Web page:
LivingTravelVisiting the Wat Phnom temple in Phnom Penh

Visiting the Wat Phnom temple in Phnom Penh

Wat Phnom, translated as ‘temple on the hill’, is the tallest and most important temple in the Cambodian capital of Phnom Penh. The temple, first built in 1373, was erected on an 88-foot-tall man-made mound overlooking the city.

The pleasant garden around Wat Phnom offers tourists and locals a green respite from the noise and chaos on the busy streets of Phnom Penh. The attractive grounds are used for concerts, festivals, and once a year it becomes the epicenter of the Cambodian New Year celebration.

Angkor Wat in Siem Reap may monopolize most of Cambodia’s tourism, but Wat Phnom is a must-see if you’re near Phnom Penh.

The legend

Local legend claims that in 1373 a wealthy widow named Daun Chi Penh found four bronze Buddha statues inside a floating tree on the Tonle Sap River just after a great flood. He gathered the nearby residents and had them create an 88-foot mound and then erected a shrine on top to support the Buddhas. This hill is said to be the origin of modern Phnom Penh, which literally means “hill of Penh.”

Another theory claims that King Ponhea Yat, the last king of the Khmer civilization, built the temple in 1422 after moving his empire from Angkor to the Phnom Penh area. He died in 1463 and the largest stupa at Wat Phnom still contains his remains.

The history of Wat Phnom

Don’t be fooled into thinking that everything around Wat Phnom dates back to 1373. The temple had to be rebuilt several times over the centuries; The current structure was built in 1926.

The French improved the gardens during their colonization and the dictator Pol Pot made many modifications during the Khmer Rouge in the 1970s. Many new statues have been added to suit different political and religious interests, even shrines have been sprinkled for Taoist beliefs. and Hindus.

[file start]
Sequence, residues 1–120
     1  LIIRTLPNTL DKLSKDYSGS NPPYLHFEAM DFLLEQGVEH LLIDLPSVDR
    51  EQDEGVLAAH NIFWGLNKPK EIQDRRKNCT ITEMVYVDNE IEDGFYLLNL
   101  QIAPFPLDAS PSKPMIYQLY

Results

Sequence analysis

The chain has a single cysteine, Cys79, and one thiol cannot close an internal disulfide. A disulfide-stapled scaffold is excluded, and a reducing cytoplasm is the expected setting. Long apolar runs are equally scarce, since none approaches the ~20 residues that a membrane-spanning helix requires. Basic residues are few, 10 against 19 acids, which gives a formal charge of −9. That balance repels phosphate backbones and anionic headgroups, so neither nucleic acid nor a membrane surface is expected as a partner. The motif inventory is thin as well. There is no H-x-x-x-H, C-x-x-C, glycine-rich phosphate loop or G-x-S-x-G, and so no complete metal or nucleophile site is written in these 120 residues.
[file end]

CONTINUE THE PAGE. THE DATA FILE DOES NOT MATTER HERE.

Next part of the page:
The faded ceiling mural above the largest Buddha statue is original and has never been restored.

Visiting Wat Phnom

Tourists must buy a ticket at the box office before going up the hill to the temple. The ticket office is at the foot of the east staircase. Admission to the attached museum is extra.

Take off your shoes as you enter the main worship area.

Carts offering water, snacks and trinkets have been installed everywhere around the temple entrance. Children and old women sell small caged birds to release at the top of the hill, which is said to bring good fortune. Don’t think spending your money will help frightened creatures, the same birds are caught again shortly after release.

Things to see around Wat Phnom

  • The small shrine dedicated to Daun Chi Penh in a neighboring pavilion.
  • The original wall painting on the ceiling of the main worship area.
  • The large stupa containing the ashes of King Ponhea Yat.
  • The Preah Chau shrine, which is worshiped by Vietnamese devotees.
  • Behind the temple is a stupa destroyed by the roots of a large tree.
  • Paintings depicting stories of Buddha before enlightenment.

Get there

Phnom Penh is the largest city in Cambodia and is well connected by air and bus to the rest of Southeast Asia.

Wat Phnom is located in the northern part of Phnom Penh, near the Tonle Sap River. From the Central Market, walk seven blocks northeast to the temple or follow the busy Norodom Boulevard that runs north-south directly to the temple.

Safety and Warnings

  • Any concentration of tourists in Cambodia will inevitably bring street vendors, vendors, and beggars; Be prepared to politely decline many offers.
  • Thieves targeting tourists patrol the temple grounds; watch your bags.
  • Naughty monkeys roam Wat Phnom; Always drop anything you grab quickly to avoid a bite and possible rabies shots! Make sure you are familiar with monkey bites and safety.
  • During Chaul Chnam Thmey, the Cambodian New Year, Wat Phnom fills up and traffic spirals out of control.

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